In 2008, Clorox was the subject of both consumer and industry criticism for advertising its Green Works line of allegedly environmentally friendly cleaning products using the slogan, "Finally, Green Works." [43] The slogan implied both that "green" products manufactured by other companies which had been available to consumers prior to the introduction of Clorox's GreenWorks line had all been ineffective, and also that the new GreenWorks line was at least as effective as Clorox's existing product lines. The intention of this slogan and the associated advertising campaign has been interpreted as appealing to consumers' fears that products from companies with less brand recognition are less trustworthy or effective. Critics also pointed out that, despite its representation of GreenWorks products as "green" in the sense of being less harmful to the environment and/or consumers using them, the products contain a number of ingredients advocates of natural products have long campaigned against the use of in household products due to toxicity to humans or their environment. [44] All three implicit claims have been disputed, and some of their elements disproven, by environmental groups, consumer-protection groups, and the industry self-regulatory Better Business Bureau. [45]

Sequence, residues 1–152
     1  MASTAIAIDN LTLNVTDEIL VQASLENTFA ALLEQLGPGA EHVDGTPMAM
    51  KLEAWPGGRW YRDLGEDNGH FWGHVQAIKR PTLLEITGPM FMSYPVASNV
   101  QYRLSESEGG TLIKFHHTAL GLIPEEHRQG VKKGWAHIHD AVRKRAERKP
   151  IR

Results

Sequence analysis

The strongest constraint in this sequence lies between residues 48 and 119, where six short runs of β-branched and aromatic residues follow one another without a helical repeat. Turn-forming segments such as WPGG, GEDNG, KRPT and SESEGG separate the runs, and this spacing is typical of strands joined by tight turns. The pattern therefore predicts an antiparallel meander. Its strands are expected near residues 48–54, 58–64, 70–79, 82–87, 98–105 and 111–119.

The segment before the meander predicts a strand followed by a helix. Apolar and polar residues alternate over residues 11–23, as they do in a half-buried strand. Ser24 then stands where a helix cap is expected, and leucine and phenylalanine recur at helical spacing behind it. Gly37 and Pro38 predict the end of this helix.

While common usage of the term "FUD" is relatively recent and somewhat limited, the practice of casting unwarranted aspersions upon other persons, products or circumstances to further one's own goals may be as old as humanity examples in classic literature include Iago in Shakespeare's Othello, and the terms in the "See also" section below offer many further examples.